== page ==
Document Type


Publication Date

Fall 2018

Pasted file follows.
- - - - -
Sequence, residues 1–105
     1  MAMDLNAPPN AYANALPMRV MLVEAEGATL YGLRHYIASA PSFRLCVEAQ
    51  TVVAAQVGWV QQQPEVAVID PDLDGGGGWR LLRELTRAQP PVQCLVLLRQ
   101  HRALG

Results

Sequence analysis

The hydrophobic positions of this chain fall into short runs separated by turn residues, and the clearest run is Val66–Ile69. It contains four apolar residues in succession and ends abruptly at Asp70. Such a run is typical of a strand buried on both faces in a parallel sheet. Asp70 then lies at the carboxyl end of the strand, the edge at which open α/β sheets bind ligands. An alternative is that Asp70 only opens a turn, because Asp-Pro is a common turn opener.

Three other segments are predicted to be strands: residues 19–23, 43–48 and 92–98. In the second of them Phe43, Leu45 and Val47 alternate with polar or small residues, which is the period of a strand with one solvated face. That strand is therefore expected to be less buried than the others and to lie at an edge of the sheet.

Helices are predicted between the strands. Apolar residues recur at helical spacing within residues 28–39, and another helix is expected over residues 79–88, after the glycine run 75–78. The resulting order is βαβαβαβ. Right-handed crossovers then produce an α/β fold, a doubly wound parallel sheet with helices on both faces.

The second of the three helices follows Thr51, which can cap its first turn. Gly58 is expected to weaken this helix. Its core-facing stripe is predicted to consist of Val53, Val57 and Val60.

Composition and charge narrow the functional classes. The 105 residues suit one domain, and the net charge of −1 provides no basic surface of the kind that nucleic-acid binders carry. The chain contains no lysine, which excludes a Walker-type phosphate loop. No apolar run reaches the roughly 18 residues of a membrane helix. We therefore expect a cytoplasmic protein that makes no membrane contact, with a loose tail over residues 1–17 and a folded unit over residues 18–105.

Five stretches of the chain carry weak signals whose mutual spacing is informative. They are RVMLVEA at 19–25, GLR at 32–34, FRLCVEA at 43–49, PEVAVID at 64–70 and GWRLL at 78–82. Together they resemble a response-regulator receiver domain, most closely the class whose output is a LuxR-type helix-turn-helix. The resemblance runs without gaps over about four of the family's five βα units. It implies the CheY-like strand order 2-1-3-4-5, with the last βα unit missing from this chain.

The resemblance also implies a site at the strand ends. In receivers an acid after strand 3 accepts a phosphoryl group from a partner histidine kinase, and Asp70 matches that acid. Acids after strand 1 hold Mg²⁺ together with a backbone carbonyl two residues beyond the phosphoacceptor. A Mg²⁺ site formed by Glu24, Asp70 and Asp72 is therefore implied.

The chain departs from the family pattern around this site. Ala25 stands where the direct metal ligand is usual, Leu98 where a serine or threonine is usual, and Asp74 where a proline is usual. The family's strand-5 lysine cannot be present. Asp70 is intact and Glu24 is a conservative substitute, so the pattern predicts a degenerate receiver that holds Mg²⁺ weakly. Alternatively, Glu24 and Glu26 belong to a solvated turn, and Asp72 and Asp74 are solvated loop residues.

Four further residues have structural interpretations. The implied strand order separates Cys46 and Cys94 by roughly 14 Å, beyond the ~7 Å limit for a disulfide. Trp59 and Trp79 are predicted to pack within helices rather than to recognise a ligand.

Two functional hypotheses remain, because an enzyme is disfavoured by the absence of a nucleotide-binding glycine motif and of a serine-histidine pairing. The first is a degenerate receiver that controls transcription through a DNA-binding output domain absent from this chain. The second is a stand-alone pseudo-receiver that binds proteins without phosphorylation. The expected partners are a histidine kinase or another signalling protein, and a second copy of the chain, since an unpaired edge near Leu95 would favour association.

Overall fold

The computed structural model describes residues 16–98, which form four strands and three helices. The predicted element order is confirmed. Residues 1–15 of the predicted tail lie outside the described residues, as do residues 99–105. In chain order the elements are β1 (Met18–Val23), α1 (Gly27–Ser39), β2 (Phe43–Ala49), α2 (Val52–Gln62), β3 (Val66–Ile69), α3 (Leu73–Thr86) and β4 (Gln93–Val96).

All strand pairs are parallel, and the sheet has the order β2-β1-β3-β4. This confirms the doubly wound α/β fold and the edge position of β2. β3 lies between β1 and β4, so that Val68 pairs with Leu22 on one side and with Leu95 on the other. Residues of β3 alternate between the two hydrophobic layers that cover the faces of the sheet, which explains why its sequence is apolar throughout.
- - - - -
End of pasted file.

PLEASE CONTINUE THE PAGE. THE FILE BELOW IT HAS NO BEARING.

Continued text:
Innovation does not stop when a new medicine is launched. Development of new uses for already approved drugs, in particular, can make profound contributions to the public health. Whether a new use is suspected during the initial premarket trials, identified through focused research after approval, or discovered serendipitously by physicians treating patients, however, it requires extensive clinical testing before it can be approved by FDA. This testing takes time and money — three to five years on average, and as much as $300 million. This Article considers the incentives that federal law offers to companies to make this investment: patent protection and regulatory exclusivity. Both are designed to provide the innovator with a temporary period of exclusive sales for the use in question. In theory, a generic should be dispensed for all other uses, but the innovator should enjoy all sales for the new use. In fact, though, the sales are not excludable; the incentives are nothing more than paper promises. Generic companies generally enjoy the new-use sales as well. This is flatly inconsistent with the goal of the federal laws governing new-use patents and new-use regulatory exclusivity, and it needs to stop. It happens because we have acquiesced to FDA practices and policies, state laws and policies, and healthcare professional and payer behaviors that work together to gut the incentives put in place by Congress. This Article considers ways of reforming practices at the agency and elsewhere in the healthcare system, so that we can have prompt approval of lower cost generic drugs when patents and exclusivity on a brand drug’s underlying compound and initial use expire, and automatic substitution of those generics when the brand drug is prescribed for the initial use, without the gutting of incentives enacted by Congress.



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